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 Post subject: Re: Revision
PostPosted: Fri May 07, 2010 2:42 am 
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Location: Boston
Hi Chris, I am curious what European line you're using for the bass strings in your Gaveau?

I am wondering if I should restring my 1985 NY Steinway B?... A few bass notes could use some rejuvenation in their timbre, as they are becoming slightly flat. I already replaced the lowest F with Mapes (supplier to NY Steinways) last year. The improvement doesn't approach the rich bronze timbre of the neighboring strings which are still "original." There are certain notes such as low E-flat, F-sharp, G that have that "Killer Sound" - gutsy, deep, bronze timbre, harmonically rich, sustain. The piano is 25 years old and I am at the generational limit of the original strings. I am afraid that if I restring the entire bass section, I may lose that "killer sound" in the desirable areas for good... I am looking into Ari Isaac Profundo, HellerBass, Arledge, JD Grandt, and a few others as possible sources of bass strings.

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 Post subject: Re: Revision
PostPosted: Fri May 07, 2010 4:09 pm 
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Location: Netherlands
Hi George,
My bass strings will be hand-spun strings by Barth-Jan Kooij, a Dutch master string maker not unlike Ari Isaac I guess. This is what my technician uses by default, I did not really have a say in it (not have I tried to). As I've always loved the bass sound of my Gaveau I have a nagging fear that it may sound different. But I was assured the sound will only get better. I'll have to take his word for it. One has to trust these guys ! I am not going to agonize about my brand of strings :wink:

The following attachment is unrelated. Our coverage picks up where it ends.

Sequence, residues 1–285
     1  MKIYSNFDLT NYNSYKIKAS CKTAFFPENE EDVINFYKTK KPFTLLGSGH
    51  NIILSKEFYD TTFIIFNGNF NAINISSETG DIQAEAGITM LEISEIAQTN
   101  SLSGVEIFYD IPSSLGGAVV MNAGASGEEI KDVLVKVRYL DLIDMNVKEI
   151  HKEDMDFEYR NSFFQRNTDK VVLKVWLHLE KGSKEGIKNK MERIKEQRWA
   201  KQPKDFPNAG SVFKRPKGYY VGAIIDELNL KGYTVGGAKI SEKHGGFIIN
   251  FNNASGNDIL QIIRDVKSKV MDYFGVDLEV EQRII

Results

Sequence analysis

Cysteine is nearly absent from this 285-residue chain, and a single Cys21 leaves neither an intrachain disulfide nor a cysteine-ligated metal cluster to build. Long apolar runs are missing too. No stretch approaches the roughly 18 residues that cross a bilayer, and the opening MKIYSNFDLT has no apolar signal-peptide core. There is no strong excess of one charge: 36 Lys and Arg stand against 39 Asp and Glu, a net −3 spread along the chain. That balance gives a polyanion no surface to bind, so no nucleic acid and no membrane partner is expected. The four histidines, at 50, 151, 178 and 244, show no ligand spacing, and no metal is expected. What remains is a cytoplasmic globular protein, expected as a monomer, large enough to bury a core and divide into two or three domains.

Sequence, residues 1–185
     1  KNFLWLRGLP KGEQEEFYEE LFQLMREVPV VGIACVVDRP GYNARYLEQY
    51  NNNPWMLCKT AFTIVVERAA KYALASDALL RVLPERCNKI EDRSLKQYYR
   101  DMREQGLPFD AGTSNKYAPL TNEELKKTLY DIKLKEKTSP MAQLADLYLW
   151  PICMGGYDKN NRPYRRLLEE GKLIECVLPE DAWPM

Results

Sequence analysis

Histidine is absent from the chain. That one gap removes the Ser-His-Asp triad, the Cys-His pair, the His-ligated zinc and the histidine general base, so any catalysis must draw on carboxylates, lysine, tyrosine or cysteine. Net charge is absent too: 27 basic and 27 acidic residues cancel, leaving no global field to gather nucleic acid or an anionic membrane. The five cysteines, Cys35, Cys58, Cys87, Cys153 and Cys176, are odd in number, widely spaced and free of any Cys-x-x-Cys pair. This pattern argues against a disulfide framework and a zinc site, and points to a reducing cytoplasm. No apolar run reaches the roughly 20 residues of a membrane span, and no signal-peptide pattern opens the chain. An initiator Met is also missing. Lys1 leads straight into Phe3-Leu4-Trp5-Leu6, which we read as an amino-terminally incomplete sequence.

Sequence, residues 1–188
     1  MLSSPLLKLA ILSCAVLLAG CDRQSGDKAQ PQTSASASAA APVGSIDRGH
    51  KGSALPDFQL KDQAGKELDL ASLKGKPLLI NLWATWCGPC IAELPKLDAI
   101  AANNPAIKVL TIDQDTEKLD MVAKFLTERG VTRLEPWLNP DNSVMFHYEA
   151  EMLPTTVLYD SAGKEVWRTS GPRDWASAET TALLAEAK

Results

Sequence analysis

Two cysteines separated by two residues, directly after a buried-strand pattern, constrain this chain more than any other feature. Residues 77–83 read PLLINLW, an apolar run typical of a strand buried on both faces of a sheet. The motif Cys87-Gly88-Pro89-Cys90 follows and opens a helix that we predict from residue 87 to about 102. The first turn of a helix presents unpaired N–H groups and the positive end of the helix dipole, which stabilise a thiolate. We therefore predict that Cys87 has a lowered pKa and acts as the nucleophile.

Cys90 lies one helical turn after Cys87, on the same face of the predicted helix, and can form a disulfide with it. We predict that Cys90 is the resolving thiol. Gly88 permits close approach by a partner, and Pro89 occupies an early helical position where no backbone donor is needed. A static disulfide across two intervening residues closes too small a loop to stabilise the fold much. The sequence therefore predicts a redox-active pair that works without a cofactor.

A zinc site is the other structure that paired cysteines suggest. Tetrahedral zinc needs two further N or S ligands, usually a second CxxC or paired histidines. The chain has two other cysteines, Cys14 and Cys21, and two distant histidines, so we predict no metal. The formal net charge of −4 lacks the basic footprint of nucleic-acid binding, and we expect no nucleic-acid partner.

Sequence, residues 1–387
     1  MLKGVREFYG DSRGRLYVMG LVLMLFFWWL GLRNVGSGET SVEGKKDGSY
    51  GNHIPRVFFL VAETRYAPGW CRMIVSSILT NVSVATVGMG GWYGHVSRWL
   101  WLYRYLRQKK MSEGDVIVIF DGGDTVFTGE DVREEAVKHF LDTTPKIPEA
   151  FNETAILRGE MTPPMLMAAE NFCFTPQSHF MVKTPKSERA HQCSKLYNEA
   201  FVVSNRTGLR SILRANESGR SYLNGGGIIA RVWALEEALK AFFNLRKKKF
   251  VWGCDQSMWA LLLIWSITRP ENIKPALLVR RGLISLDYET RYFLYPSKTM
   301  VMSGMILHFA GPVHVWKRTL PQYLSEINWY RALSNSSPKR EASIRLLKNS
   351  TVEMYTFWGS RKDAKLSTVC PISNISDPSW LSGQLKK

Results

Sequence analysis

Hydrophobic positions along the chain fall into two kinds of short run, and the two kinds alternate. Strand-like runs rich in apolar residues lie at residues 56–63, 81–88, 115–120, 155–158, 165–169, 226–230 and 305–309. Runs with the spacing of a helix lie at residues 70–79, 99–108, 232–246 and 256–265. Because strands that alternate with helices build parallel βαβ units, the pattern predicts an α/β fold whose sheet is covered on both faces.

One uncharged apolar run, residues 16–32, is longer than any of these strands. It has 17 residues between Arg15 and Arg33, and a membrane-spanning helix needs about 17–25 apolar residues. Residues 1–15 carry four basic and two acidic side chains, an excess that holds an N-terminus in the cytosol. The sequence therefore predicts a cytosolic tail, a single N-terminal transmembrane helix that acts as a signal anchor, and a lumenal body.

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 Post subject: Re: Revision
PostPosted: Sat May 08, 2010 4:05 pm 
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Thanks, Chris. If the bridge is transferring the string vibration to the soundboard, etc. and you have decent number of plate resonances and modes of vibration as before, then yes, you should get MORE of the same.

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 Post subject: Re: Revision
PostPosted: Fri May 21, 2010 3:42 pm 
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Just received these photos of the ongoing revision. It's starting to look real spiffing with the new pins and strings. Amusingly, the pins would not come out with the hydraulic winch alone. They had to be pushed from the underside too.


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 Post subject: Re: Revision
PostPosted: Sat May 22, 2010 4:40 am 
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Wow, no wonder it costs so much to have a piano refurbished!

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 Post subject: Re: Revision
PostPosted: Sat May 22, 2010 10:36 pm 
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Location: Germany
That really looks impressive, Chris. So, since also the pins are renewed, I think, you will not have any more problems with an instable tuning after a certain period of acclimatisation. I´m curious, how the new sound will be. I think, in summary the restauration can only be an improvement!

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 Post subject: Re: Revision
PostPosted: Sun May 23, 2010 1:15 pm 
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Yes, I think that is what I should expect. I also hope that, as the adction will be serviced, it may play a bit lighter an easier, though in that respect it will never be like the Grotrian with its moderner, lighter action.

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 Post subject: Re: Revision
PostPosted: Mon May 24, 2010 7:54 pm 
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Thanks for sharing the pics... looks like things are coming along beautifully. I'm with Andreas - I can't wait to hear the finished product!

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 Post subject: Re: Revision
PostPosted: Mon May 24, 2010 8:01 pm 
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I'm just peeved that they have used gray felt instead of the original red. Makes it look a bit boring.
Hopefully all the shiny new metal will make up for it :lol:

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 Post subject: Re: Revision
PostPosted: Mon May 24, 2010 8:13 pm